A key requirement for emergence is that there are some basic/simple rules/operations. Put these rules together in various ones and new properties or behaviours arise, e.g.:

stay close to your neighbour; don't knock into anyone => flocking

Is there something that we can learn from this simplicity? In other words should we always be striving to create simple rules and operations for our software/processes/etc?

Other examples:

SQL databases, REST (each have four primitives) Blogging (post, link, comment, syndicate?)

Higher level "primitives" can be built on lower level primitives, one can see this as simply stabilising or reinforcing an emergent quality of a lower layer, e.g. Blogging is built on REST-ful interactions, and often database primitives.

In some cases its not obvious what the primitives are, so we "let a thousand flowers bloom" than come back later to see which ones have survived, and maybe do some pruning. That's why post-facto standardisation is often better, e.g XML. (Primitives: start/end tag, annotate (attributes), validate).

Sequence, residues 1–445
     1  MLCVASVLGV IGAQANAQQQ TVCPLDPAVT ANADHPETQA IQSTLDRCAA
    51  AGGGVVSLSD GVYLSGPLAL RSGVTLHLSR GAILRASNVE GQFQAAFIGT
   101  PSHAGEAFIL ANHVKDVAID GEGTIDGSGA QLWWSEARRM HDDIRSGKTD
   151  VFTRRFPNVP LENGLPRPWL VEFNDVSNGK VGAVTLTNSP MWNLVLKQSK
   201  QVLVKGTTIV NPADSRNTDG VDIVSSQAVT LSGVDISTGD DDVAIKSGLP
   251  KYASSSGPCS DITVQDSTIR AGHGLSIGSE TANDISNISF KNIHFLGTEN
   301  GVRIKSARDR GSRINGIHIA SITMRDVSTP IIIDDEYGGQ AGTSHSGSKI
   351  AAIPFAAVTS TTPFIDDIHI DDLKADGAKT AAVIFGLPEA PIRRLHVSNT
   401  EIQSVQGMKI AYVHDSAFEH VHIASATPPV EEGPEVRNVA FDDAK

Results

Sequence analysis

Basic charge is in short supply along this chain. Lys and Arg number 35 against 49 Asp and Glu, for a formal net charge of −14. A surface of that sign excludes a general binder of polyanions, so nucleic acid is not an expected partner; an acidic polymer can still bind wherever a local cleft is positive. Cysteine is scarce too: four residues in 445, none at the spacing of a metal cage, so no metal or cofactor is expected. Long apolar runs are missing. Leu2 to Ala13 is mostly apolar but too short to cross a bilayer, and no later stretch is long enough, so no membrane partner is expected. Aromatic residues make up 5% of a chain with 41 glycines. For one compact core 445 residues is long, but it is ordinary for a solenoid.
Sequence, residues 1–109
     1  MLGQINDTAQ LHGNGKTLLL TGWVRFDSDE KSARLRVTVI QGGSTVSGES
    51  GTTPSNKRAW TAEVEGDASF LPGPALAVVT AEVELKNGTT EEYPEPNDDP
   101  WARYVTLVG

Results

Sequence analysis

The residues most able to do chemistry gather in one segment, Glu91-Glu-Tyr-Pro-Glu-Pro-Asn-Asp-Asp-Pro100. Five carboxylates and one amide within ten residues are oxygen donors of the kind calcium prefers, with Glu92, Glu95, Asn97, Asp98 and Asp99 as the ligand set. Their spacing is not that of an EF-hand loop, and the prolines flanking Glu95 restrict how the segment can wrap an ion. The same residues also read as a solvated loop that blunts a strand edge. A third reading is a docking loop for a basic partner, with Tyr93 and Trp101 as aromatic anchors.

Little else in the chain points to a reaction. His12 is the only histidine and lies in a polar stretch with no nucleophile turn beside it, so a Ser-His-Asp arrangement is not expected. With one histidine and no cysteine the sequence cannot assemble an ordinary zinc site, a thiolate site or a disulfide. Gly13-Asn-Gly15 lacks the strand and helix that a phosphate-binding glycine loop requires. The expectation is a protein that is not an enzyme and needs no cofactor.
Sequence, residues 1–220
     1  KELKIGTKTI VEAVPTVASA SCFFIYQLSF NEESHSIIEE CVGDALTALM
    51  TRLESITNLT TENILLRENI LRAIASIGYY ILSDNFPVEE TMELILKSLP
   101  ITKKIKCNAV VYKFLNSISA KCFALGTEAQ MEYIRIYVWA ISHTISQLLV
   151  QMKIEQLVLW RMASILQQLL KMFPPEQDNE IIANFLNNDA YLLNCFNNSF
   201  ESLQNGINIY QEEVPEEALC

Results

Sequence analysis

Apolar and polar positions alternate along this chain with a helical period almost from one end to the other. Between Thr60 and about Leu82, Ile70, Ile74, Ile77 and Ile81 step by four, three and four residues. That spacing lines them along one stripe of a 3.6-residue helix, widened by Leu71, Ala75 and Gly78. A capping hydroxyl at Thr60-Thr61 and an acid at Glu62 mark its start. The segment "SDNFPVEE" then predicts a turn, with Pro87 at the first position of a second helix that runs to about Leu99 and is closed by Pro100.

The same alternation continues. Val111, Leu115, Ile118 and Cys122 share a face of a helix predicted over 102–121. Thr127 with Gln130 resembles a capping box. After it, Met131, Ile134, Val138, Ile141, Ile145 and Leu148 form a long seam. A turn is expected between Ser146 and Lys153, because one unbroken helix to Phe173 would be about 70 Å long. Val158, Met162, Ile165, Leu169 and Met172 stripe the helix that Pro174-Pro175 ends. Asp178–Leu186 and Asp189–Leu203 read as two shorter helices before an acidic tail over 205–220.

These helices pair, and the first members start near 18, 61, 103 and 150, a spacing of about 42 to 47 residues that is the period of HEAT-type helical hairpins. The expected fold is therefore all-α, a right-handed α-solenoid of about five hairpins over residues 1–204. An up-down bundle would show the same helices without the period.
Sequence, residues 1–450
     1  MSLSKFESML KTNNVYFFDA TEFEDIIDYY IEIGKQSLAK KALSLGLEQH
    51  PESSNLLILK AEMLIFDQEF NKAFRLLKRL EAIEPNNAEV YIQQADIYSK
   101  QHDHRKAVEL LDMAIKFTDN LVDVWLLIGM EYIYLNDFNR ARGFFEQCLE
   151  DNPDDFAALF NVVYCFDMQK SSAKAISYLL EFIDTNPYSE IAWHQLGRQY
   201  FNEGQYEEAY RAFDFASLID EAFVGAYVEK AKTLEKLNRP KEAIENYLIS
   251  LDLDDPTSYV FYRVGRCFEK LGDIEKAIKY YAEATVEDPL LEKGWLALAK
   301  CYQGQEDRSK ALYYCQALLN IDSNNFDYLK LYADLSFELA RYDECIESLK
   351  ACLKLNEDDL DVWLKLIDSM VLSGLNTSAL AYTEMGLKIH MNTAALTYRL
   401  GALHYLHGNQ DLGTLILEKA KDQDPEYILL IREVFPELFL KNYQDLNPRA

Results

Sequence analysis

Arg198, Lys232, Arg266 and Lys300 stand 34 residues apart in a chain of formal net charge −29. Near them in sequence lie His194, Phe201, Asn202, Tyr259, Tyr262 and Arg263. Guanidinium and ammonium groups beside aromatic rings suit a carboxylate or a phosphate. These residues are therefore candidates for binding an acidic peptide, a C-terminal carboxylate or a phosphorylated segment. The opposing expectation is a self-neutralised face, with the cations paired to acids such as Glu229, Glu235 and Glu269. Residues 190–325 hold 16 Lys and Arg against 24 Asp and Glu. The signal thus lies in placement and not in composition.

RDF has some primitives: triples, containment, etc.

If we accept this premise (and I'm aware that I've not presented a convincing argument) then we could argue that the best way to guide application development is to find or make the primitives for a particular application area.

E.g. where are the primitives for annotating, splicing, overlaying, etc music or movies. This would allow fan-subbing, commentary, analysis, mixing, contrasting, etc.

Tools like Chandler(?) have primitives: drag-and-drop, context, etc

The best APIs are those with the simplest interfaces.

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